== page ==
Prior to SQL Server 2012 when you add a new non-NULLable column with default values to an existing table a size-of data operation occurs: every row in the table is updated to add the default value of the new column. For small tables this is insignificant, but for large tables this can be so problematic as to completely prohibit the operation. But starting with SQL Server 2012 the operation is, in most cases, instantaneous: only the table metadata is changed, no rows are being updated.
Lets look at a simple example, we’ll create a table with some rows and then add a non-NULL column with default values. First create and populate the table:
In my previous article How to use columnstore indexes in SQL Server we’ve seen how to create a columnstore index on a table and how certain queries can significantly reduce the IO needed and thus increase in performance by leveraging this new feature. But once a columnstore index is added to a table the table becomes read-only as it cannot be updated. Trying to insert a new row in the table will result in an error:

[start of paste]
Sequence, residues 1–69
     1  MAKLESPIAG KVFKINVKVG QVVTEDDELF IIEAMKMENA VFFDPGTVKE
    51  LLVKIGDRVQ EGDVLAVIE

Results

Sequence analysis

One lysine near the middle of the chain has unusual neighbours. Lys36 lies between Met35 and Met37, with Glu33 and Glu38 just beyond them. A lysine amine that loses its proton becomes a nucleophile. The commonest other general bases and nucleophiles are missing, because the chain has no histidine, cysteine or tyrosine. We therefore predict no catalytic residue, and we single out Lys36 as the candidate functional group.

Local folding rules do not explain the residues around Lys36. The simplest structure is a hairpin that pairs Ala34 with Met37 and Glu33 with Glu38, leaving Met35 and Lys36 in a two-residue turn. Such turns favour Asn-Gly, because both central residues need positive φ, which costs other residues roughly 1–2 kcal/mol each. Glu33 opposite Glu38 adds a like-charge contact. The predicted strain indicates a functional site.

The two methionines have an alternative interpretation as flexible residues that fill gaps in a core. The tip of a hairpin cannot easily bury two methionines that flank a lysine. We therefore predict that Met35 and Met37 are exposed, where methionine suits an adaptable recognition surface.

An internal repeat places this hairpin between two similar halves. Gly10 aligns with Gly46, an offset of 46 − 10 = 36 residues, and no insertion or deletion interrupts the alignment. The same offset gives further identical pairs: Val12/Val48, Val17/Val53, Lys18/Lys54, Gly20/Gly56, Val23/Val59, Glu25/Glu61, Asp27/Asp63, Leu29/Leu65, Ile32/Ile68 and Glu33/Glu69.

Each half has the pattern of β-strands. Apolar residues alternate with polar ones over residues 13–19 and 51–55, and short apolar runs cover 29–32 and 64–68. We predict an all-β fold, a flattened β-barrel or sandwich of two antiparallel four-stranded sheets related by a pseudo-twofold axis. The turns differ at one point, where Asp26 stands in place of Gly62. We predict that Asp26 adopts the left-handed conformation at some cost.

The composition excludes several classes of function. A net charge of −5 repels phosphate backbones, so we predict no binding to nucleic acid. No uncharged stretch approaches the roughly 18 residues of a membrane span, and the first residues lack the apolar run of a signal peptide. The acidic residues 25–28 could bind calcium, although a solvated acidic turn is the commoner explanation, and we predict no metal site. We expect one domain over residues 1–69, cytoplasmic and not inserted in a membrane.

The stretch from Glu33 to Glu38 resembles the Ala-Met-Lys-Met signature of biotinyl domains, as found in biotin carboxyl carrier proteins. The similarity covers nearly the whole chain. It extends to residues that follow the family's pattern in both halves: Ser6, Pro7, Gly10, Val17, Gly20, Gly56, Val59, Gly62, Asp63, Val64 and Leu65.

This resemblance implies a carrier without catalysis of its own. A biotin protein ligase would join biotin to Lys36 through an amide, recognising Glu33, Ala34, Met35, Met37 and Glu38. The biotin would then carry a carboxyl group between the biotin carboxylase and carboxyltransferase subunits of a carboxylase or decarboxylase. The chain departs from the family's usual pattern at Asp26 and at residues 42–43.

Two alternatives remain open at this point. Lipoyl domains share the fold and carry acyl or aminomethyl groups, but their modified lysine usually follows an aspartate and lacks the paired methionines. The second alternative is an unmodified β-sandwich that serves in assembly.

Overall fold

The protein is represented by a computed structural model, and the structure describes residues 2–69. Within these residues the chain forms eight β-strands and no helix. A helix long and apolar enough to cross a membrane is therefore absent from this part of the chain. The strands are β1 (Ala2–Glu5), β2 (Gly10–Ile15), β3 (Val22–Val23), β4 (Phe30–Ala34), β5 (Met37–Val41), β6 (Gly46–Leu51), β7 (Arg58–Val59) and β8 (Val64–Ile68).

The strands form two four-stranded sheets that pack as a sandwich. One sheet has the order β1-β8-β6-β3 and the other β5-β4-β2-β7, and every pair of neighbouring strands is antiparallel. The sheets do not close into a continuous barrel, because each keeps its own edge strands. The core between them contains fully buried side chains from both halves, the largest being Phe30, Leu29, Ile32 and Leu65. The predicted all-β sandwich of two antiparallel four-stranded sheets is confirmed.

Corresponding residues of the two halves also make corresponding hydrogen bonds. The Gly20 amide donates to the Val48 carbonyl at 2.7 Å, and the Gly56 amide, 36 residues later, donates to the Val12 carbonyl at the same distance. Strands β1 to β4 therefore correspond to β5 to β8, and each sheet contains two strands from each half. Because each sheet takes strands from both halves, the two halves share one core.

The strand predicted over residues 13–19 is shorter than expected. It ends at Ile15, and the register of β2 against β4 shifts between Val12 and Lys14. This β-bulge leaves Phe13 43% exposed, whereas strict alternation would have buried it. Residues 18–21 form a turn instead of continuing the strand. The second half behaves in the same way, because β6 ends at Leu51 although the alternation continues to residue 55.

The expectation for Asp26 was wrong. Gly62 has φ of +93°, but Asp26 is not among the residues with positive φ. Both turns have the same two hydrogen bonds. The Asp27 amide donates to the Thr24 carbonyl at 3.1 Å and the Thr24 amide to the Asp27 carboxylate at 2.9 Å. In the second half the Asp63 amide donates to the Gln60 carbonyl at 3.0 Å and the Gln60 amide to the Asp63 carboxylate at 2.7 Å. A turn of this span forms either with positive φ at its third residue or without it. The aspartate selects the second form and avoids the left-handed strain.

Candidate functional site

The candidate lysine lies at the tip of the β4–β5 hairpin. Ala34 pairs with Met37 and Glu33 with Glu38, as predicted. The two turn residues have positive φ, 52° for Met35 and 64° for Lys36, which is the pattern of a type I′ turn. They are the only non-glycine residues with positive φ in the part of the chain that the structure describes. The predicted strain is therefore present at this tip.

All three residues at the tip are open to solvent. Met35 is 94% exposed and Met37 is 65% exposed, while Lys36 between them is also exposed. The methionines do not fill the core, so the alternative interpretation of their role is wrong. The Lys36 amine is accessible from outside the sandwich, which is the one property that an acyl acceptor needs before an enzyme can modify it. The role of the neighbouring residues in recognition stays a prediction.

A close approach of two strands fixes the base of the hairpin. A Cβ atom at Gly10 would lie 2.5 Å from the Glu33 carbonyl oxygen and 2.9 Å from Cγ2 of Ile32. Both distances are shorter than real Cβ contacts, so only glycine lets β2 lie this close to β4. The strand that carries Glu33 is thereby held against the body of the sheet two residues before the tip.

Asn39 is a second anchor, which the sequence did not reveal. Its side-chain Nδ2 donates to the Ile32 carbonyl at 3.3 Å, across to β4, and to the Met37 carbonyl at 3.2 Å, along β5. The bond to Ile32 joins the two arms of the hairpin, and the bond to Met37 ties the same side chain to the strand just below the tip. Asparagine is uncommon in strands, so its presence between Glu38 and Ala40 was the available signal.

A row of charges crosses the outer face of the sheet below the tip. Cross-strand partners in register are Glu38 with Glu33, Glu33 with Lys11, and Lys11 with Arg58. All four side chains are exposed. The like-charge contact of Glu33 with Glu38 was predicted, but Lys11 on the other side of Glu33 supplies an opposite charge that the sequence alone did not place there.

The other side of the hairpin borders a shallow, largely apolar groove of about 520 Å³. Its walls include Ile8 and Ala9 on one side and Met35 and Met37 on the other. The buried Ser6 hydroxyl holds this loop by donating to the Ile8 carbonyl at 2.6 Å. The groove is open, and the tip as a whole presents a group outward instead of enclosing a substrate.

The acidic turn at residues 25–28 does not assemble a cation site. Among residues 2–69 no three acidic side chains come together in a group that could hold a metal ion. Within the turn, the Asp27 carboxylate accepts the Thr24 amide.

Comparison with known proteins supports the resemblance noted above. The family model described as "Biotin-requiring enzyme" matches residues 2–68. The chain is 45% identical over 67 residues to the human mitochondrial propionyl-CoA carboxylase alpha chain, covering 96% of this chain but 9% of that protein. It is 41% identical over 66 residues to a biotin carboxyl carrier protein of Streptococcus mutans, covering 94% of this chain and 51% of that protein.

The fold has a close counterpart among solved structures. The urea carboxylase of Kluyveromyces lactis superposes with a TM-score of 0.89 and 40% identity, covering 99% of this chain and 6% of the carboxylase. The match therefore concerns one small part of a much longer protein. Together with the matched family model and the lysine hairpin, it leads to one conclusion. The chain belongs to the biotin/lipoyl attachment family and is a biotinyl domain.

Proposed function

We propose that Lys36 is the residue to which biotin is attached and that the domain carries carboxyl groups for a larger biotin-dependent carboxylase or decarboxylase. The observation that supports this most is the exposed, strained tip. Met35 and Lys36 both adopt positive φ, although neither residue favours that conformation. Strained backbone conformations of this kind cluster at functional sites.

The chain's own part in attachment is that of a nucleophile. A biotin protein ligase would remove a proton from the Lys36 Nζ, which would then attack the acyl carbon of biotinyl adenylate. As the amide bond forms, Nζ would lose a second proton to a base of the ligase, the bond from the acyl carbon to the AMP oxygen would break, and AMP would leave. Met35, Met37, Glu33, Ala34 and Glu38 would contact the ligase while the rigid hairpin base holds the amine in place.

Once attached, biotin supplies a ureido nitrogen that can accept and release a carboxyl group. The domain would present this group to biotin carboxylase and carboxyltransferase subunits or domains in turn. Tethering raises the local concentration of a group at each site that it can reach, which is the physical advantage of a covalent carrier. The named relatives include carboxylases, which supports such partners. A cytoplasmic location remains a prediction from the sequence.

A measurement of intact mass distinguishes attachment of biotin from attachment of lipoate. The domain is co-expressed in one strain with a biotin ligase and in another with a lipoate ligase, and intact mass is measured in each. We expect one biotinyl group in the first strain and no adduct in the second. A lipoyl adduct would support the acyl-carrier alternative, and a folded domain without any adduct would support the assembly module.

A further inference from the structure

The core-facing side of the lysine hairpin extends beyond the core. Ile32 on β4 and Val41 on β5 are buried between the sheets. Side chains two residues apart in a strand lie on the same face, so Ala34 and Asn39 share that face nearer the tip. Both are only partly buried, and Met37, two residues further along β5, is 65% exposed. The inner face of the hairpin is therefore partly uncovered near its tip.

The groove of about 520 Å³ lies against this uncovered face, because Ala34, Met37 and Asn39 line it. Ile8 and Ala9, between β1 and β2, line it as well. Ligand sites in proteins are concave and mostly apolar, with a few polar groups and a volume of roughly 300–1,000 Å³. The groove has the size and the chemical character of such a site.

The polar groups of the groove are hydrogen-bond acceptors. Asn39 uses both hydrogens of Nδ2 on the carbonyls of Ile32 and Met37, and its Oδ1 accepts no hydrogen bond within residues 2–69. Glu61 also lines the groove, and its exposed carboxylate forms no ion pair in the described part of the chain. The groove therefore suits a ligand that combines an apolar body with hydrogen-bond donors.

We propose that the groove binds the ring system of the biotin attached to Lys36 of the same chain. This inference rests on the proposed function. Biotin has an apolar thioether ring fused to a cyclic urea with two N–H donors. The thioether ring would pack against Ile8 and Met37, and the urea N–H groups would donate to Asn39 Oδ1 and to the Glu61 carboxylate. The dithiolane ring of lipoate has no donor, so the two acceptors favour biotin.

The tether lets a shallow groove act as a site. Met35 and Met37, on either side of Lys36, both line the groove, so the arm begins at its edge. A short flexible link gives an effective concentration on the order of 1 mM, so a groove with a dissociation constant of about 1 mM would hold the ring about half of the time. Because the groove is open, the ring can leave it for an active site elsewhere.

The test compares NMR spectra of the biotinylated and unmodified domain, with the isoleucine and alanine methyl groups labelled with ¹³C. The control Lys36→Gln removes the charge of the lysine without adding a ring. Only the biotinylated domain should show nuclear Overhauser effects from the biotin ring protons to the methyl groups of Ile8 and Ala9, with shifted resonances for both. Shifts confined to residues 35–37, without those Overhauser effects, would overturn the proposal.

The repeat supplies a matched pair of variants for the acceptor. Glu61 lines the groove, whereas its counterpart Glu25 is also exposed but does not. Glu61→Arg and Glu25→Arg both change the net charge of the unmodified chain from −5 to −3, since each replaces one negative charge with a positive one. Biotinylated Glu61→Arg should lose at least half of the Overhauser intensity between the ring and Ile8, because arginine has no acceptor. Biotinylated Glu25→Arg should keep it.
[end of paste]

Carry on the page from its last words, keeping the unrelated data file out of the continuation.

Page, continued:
insert into sales ([date],itemid, price, quantity) values ('20110713', 1,1.0,1);
Msg 35330, Level 15, State 1, Line 1
INSERT statement failed because data cannot be updated in a table with a columnstore index. Consider disabling the columnstore index before issuing the INSERT statement, then rebuilding the columnstore index after INSERT is complete.
Column oriented storage is the data storage of choice for data warehouse and business analysis applications. Column oriented storage allows for a high data compression rate and as such it can increase processing speed primarily by reducing the IO needs. Now SQL Server allows for creating column oriented indexes (called COLUMNSTORE indexes) and thus brings the benefits of this highly efficient BI oriented indexes in the same engine that runs the OLTP workload. The syntax for creating columnstore indexes is described on MSDN at CREATE COLUMNSTORE INDEX. Lets walk trough a very simple example of how to create and use a columnstore index. First lets have a dummy sales table: